So What Can a Paralegal Do for You?

The post, “Paralegal Do’s and Don’ts: What can (and can’t) a paralegal do for you,” highlighted what paralegals do to support their attorneys and provided an overview of those things paralegals cannot do.  In answering the question, “what can a paralegal do for you,” we maintained a broad focus by considering the definition of a paralegal.  In relevant part, a paralegal performs substantive legal work under the direction and supervision of an attorney; essentially, all the tasks an attorney performs, short of those considered unauthorized practice of law under the relevant jurisdiction.

Because legal work can vary significantly across areas of law, a good way to determine what tasks might be delegated to a paralegal is to consider the tasks you, as an attorney, carry out during the day.  Still, sometimes it’s nice to see specific examples, so I’ve prepared a brief list that, albeit generalized, will hopefully start you brainstorming.  Under the supervision of an attorney, a paralegal may:

•    Plan, develop, and manage cases;
•    Research and analyze legal issues;
•    Make recommendations to the attorney based on review and analysis of a case or legal issue(s);
•    Conduct factual research;
•    Compile documentation;
•    Interview clients and witnesses;
•    Prepare clients and witnesses for deposition or trial;
•    Prepare legal forms;
•    Draft, analyze, and prepare responses to legal documentation (e.g., pleadings, discovery, contracts, settlements);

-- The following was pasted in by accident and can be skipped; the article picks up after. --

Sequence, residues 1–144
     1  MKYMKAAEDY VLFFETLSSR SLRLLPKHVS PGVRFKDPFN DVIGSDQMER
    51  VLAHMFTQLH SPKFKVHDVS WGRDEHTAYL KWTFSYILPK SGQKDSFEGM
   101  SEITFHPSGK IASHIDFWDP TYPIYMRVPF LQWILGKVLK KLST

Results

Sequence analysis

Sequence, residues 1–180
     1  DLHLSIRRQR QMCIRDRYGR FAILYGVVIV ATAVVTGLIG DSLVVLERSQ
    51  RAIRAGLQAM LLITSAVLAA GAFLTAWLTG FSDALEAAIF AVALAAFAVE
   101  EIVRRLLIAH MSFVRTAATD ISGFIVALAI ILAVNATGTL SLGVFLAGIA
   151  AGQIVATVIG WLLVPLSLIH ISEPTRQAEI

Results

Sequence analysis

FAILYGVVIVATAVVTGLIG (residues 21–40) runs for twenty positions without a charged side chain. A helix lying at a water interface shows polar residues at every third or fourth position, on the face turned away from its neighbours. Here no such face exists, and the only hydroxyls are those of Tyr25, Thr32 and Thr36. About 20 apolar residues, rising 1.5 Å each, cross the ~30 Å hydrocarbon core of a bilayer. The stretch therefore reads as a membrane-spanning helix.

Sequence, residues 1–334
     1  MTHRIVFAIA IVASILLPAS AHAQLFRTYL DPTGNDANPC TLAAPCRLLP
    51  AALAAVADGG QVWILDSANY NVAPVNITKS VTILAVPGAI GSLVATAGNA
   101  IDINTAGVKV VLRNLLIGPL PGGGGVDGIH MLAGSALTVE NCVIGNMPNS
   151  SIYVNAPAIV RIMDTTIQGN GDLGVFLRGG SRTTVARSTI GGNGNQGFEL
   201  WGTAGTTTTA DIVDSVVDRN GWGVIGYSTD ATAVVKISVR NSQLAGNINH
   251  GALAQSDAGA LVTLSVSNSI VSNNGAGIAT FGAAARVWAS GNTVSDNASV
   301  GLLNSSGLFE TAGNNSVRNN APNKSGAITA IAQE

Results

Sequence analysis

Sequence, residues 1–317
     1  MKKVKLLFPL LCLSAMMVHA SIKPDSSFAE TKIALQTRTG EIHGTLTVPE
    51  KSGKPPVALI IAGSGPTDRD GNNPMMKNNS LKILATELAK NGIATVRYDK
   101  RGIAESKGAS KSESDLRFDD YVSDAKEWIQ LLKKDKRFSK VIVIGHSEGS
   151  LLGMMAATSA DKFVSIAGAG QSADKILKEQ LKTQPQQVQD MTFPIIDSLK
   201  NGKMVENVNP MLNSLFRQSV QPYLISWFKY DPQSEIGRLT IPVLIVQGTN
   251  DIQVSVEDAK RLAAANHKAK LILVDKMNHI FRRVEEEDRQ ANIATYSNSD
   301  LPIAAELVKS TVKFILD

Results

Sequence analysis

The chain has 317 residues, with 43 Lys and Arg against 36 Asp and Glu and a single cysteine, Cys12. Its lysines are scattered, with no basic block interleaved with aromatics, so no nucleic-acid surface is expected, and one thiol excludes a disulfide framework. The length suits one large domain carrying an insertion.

•    Draft legal memoranda;
•    Draft briefs;
•    Produce or review document productions;
•    Prepare for trial;
•    Serve as a liaison between attorney, client, and opposing counsel;
•    Maintain the docket; and

The list goes on.

Oftentimes, paralegals are not utilized to their fullest potential. What they can do is limited only by your imagination and willingness to mentor when it comes to new tasks. And, while that may sound daunting for the workload we generally have, if you think about it, every time you ask your paralegal to do something new, you’re providing instructions (guidance) and he or she is asking questions.  Frequently, that’s all it takes to delegate new responsibilities.  If you utilize paralegals in your practice already, talk with them about their abilities—you may be surprised!  The more you utilize paralegals in your practice, the more you have to offer your clients.

Do you have questions about the utilization of paralegals?  If you do, post them in the comments below or feel free to contact me directly.

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